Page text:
On Thursday (5.28), Bar Convent Berlin, the cocktail & spirit community’s marquis trade show, announced that their annual gathering will take a drastically different form this fall. #Spoiler Alert: The original plan to gather 25,000 people on the floor of Exhibition Centre Berlin has been scrapped.
- Base Spirit Rum
- Preparation Shaken
- Flavor Refreshing
- Served Up
The General MacArthur Cocktail is a delicious rum based, egg white sour. Haimo’s recipe calls for Cuban Rum, Jamaican Rum, Triple Sec (or Cointreau), lime juice, and egg white, shaken. The result is a near-perfect balance of citric acid, booze, and just enough sweetness.
In Lucius Beebe’s 1946 recount of the Stork Club’s glory years, he writes that the MacArthur, the Cuba Libre, and the Frozen Daiquiri were the the three best selling rum drinks at the famed supper club. Given the Stork Club Bar Book’s impressive legacy, the few drinkers who still know what of the MacArthur often associate the drink with the club. However, the beverage was actually created at the Hotel Pierre by Oscar Haimo.
Oscar Haimo was a star in his time. His CV includes tenures as maitre de at the Ritz-Carlton in Paris, the Casino in Monte Carlo, and the Pierre in NYC. He also served as President of both the International Barmen’s Association and the International Bar Managers’ Association.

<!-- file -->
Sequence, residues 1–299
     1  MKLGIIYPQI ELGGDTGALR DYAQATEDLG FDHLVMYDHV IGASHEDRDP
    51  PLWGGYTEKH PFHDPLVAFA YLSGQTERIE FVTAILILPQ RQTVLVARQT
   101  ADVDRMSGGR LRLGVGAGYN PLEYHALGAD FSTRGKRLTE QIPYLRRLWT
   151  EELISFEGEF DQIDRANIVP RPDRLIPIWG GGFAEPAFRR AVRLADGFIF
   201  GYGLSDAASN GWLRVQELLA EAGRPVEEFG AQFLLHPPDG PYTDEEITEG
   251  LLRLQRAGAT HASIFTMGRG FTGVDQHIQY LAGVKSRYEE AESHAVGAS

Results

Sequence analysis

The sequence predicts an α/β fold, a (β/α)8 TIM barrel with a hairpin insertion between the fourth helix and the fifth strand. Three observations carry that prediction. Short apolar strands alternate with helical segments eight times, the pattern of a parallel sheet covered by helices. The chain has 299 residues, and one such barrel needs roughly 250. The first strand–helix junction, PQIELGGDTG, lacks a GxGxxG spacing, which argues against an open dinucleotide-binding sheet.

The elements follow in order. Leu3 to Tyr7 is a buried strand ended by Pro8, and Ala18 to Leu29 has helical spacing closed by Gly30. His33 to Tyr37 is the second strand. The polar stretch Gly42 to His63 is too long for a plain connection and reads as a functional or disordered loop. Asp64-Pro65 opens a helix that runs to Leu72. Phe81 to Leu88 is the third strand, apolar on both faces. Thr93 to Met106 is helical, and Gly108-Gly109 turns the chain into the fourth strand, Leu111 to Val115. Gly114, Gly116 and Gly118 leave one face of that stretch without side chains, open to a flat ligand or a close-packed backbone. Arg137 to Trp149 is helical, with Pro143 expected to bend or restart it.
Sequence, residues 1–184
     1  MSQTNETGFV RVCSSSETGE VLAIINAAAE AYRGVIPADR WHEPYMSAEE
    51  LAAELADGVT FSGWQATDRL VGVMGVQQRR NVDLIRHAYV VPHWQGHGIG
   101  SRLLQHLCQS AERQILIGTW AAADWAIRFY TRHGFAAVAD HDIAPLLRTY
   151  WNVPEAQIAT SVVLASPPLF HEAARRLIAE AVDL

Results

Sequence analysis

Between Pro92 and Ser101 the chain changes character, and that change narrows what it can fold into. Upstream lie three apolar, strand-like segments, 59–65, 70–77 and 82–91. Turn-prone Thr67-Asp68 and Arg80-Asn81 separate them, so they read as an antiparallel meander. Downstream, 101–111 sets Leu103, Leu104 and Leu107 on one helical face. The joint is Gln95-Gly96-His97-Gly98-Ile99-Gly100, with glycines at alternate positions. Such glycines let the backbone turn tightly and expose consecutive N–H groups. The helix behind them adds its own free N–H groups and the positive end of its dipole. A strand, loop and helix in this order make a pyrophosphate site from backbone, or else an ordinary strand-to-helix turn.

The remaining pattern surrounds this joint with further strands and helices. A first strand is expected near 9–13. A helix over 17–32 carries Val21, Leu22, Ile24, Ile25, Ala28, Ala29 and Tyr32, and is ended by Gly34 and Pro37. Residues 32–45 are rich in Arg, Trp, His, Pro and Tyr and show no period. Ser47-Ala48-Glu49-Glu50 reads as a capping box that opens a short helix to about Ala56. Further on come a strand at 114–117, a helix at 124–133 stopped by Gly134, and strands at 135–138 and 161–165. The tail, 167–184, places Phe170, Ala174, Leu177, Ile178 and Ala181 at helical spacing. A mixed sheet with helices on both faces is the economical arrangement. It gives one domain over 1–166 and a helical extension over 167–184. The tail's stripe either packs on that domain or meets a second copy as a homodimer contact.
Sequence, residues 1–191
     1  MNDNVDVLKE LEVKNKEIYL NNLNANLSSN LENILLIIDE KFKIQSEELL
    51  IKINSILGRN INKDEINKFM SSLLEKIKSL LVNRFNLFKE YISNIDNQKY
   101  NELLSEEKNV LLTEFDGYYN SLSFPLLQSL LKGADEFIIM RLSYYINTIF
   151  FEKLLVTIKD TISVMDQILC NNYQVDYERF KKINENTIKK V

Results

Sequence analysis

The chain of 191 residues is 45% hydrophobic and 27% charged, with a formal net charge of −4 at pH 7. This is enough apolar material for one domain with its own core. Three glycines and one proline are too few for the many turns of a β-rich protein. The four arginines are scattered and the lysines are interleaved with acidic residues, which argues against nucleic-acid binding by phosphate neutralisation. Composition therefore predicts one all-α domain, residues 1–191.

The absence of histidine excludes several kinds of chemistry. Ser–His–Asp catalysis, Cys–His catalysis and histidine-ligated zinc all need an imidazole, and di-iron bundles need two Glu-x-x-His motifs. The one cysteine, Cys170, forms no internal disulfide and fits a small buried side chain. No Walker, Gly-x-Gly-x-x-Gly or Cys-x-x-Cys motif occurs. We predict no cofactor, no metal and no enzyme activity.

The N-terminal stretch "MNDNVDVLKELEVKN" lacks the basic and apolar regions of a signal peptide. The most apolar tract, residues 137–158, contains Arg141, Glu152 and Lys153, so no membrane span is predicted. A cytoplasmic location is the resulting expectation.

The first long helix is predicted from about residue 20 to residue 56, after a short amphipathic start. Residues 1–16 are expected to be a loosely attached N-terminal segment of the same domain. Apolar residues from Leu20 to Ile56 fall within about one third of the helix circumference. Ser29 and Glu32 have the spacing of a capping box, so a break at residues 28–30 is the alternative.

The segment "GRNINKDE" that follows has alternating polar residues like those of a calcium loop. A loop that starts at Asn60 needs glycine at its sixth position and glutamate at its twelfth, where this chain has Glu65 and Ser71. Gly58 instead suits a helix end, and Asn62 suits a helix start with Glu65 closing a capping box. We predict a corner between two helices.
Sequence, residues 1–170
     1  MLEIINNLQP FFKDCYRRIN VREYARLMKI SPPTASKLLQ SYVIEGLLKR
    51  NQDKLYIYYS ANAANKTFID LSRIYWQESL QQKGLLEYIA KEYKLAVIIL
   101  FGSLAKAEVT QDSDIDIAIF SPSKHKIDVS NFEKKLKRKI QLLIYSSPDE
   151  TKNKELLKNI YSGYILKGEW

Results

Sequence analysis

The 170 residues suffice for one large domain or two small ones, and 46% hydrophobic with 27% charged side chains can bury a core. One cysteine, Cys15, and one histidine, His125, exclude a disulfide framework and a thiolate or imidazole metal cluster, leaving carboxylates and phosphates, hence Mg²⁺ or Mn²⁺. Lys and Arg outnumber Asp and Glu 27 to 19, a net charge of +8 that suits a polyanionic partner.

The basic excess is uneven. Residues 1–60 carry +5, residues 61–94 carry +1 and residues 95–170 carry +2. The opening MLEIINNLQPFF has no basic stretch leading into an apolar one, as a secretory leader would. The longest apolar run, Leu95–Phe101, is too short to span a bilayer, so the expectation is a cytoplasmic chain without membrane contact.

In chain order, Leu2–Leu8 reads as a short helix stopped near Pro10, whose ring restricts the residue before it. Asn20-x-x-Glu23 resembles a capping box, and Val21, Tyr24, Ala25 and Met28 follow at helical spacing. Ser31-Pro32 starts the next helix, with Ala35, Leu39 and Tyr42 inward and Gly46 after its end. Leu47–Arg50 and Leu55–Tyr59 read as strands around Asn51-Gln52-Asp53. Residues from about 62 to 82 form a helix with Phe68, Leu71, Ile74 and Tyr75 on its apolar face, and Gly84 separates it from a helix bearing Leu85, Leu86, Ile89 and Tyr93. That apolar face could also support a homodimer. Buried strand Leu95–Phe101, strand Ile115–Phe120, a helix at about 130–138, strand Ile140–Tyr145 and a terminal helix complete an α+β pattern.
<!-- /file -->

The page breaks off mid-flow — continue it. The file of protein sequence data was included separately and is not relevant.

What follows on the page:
During the golden years at the Pierre, Haimo created the General MacArthur Cocktail. According to the New York Post, the drink was the hotel’s best seller by 1942. Accordingly, it was celebrated int he gossip pages of the time. In her “The Voice of Broadway” column, journalist Dorothy Kilgallen described the concoction as “famous.” In Walter Winchell’s legendary “On Broadway” column, he stated that the drink is “as zingy as its name.”
That name was clearly a reference to U.S. General Douglas C. MacArthur. The drink was created right about the time that MacArthur was fleeing his command in the Philippines. Contemporary politicians and future historians slammed his failed defense of the islands as virtual incompetence. Yet, during the war, faith in MacArthur was considered paramount to national morale. To keep the American hopes high, Washington D.C. awarded him unearned medals, issued releases praising his heroism, and launched a propaganda campaign–all to portray MacArthur as a hero. Although no direct links are evident, logic would dictate that this drink was an offshoot of that effort.
- Combine ingredients in a tin with ice.
- Shake heartily until emulsified and chilled.
- Double strain into a coupe or cocktail glass.